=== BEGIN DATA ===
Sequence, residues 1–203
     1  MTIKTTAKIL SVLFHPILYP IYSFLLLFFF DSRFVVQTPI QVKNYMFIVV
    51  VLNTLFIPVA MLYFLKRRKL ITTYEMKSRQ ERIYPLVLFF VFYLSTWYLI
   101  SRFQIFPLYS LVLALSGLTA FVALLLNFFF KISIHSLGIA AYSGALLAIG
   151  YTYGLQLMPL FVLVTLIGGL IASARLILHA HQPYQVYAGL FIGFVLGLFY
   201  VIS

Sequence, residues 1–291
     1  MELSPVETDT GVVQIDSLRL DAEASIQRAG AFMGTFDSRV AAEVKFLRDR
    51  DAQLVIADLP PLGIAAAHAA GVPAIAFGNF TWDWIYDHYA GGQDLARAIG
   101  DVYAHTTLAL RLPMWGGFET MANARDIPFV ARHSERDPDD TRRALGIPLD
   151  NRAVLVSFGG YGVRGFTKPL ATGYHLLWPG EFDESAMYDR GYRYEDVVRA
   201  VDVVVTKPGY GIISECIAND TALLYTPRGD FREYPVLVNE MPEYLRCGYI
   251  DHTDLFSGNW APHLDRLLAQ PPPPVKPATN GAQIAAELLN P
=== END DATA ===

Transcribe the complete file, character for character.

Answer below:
Sequence, residues 1–203
     1  MTIKTTAKIL SVLFHPILYP IYSFLLLFFF DSRFVVQTPI QVKNYMFIVV
    51  VLNTLFIPVA MLYFLKRRKL ITTYEMKSRQ ERIYPLVLFF VFYLSTWYLI
   101  SRFQIFPLYS LVLALSGLTA FVALLLNFFF KISIHSLGIA AYSGALLAIG
   151  YTYGLQLMPL FVLVTLIGGL IASARLILHA HQPYQVYAGL FIGFVLGLFY
   201  VIS

Sequence, residues 1–291
     1  MELSPVETDT GVVQIDSLRL DAEASIQRAG AFMGTFDSRV AAEVKFLRDR
    51  DAQLVIADLP PLGIAAAHAA GVPAIAFGNF TWDWIYDHYA GGQDLARAIG
   101  DVYAHTTLAL RLPMWGGFET MANARDIPFV ARHSERDPDD TRRALGIPLD
   151  NRAVLVSFGG YGVRGFTKPL ATGYHLLWPG EFDESAMYDR GYRYEDVVRA
   201  VDVVVTKPGY GIISECIAND TALLYTPRGD FREYPVLVNE MPEYLRCGYI
   251  DHTDLFSGNW APHLDRLLAQ PPPPVKPATN GAQIAAELLN P